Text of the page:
oil causes seals and hoses to fail prematurely. There may also be a
danger to personnel who may accidentally touch the cylinder or the
This circuit eliminates the problem. Double lines are used to
both the rod end and blind end ports, isolated with check valves.
Oil flowing toward the cylinder follows Paths A, and oil returning
from the cylinder follows Paths B. Since the check valves prevent
the oil from reversing, a new charge of oil enters the cylinder
loop on every cycle.
The idea for this method: came from Fred Miner and Jerry Snow in
Hydraulics and Pneumatics magazine.
Figure 3. Quick
exhaust valves allow oil mist to be carried into air
Figure 3. Air System. Short stroke air
cylinders may also be a problem, but for a different reason. They
are not likely to overheat, but the oil mist delivered by the
lubricator in the system may never reach the cylinder, which may
result in a shortened cylinder life.
Double connecting lines with check valves as in Figure
2 can be used with good results, but quick exhaust valves
may be a better solution. Figure 3 shows two quick
exhaust valves, although one may be sufficient. Wipe-off inside the
cylinder may provide lubrication to the entire cylinder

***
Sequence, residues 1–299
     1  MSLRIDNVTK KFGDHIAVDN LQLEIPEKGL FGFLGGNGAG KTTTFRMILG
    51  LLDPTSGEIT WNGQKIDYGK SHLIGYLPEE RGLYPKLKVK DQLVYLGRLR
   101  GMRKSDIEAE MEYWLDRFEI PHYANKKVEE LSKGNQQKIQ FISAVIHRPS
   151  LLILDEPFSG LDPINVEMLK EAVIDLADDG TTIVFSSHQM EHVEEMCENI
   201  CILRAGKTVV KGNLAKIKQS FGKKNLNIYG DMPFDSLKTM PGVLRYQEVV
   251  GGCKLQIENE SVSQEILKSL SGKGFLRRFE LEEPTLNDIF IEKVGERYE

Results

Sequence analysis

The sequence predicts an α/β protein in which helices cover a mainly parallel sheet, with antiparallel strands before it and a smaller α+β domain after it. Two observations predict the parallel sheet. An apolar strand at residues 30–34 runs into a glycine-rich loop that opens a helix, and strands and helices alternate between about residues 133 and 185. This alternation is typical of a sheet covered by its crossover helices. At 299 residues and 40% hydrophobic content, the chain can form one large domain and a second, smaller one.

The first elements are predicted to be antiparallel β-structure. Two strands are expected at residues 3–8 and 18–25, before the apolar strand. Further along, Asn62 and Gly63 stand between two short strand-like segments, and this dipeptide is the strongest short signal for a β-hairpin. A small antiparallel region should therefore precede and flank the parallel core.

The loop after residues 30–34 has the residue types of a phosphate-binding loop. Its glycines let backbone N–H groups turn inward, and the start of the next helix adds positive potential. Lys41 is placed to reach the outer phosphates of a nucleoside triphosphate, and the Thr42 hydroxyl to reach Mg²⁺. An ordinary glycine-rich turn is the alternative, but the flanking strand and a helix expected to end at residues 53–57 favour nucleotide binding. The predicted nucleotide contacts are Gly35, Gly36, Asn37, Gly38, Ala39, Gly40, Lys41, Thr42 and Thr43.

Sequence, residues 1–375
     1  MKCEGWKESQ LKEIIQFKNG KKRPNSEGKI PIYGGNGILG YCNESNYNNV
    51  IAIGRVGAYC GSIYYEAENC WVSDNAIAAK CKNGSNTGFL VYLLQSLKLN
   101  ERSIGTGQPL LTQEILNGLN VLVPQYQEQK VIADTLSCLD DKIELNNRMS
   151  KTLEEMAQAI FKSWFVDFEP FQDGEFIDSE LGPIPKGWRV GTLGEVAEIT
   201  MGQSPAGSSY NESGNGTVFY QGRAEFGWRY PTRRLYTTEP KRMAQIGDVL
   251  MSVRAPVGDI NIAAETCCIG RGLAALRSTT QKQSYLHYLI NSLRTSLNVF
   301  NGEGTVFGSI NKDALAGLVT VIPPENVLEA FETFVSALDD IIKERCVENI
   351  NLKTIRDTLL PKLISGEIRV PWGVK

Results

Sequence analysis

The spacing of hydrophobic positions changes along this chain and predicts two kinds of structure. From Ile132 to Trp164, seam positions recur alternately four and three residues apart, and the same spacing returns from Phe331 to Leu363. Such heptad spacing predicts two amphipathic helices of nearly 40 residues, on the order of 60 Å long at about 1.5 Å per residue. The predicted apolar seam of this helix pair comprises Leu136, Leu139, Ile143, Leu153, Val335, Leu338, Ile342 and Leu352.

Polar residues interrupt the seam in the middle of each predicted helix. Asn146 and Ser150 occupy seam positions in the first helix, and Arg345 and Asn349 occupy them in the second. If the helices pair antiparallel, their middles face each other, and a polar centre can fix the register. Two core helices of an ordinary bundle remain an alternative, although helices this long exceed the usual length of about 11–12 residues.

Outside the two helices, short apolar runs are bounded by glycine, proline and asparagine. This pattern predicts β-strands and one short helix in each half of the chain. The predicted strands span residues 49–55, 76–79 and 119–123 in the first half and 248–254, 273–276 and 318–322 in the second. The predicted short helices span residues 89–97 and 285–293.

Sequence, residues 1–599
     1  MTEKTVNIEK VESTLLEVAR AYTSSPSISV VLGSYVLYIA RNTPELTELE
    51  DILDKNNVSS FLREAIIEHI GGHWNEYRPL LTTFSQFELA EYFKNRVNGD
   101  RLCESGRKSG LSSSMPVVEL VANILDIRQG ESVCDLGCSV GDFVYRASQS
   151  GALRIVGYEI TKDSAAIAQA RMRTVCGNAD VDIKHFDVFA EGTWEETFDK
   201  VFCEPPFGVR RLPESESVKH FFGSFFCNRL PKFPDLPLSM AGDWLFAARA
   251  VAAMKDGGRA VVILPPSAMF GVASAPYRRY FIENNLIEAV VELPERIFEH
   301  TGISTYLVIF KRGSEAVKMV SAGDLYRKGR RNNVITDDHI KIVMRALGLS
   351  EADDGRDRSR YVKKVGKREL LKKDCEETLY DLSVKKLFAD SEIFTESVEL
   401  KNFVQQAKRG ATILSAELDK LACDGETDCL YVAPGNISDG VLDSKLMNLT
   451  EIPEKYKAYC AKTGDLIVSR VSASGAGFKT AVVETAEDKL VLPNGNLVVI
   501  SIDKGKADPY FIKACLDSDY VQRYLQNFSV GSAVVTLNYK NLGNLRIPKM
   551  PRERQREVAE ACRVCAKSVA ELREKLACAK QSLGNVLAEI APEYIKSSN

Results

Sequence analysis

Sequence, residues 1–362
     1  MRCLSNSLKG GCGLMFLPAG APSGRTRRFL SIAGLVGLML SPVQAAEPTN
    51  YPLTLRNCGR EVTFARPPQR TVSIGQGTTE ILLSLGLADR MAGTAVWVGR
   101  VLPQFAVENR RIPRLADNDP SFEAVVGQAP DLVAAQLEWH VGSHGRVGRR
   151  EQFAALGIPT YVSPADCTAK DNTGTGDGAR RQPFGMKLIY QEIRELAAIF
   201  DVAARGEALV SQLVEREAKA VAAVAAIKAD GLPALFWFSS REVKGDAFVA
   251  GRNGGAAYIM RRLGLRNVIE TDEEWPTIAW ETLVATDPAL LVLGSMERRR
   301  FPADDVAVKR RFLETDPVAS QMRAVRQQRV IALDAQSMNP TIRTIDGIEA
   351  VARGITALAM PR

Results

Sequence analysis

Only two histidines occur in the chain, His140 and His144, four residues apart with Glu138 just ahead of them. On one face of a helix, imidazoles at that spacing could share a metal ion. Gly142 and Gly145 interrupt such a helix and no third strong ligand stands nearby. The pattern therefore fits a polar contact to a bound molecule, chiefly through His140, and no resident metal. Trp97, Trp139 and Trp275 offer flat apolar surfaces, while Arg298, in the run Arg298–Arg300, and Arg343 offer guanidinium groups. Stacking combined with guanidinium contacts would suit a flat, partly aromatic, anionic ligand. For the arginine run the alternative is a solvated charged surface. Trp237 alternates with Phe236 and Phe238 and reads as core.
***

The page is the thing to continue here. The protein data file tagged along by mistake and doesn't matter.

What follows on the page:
As in any air system excess oil mist is blown out the exhaust
and may contaminate the atmosphere. Lubricator feed rate should be
very low, as in most systems very little oil is needed.
Under-lubrication is better than over-lubrication.
Single-acting air cylinder.
Figure 4. The quick
exhaust method is also applicable to single-acting air cylinders
for keeping the barrel lubricated. Faster cylinder retraction is an
Note that the meter-out method of speed control cannot be used
in quick exhaust circuits. Nor can needle valves be installed in
valve exhaust ports for speed control. If a speed control should be
needed, install a needle valve in the air supply line, or, install
a meter-in flow control in the cylinder line just as close to the
cylinder as possible.
Download a PDF of Fluid
Power Design Data Sheet 16 - How to Calculate Stretch in Cylinder
© 1989 by Womack Machine Supply Co. This
company assumes no liability for errors in data nor in safe and/or
satisfactory operation of equipment designed from this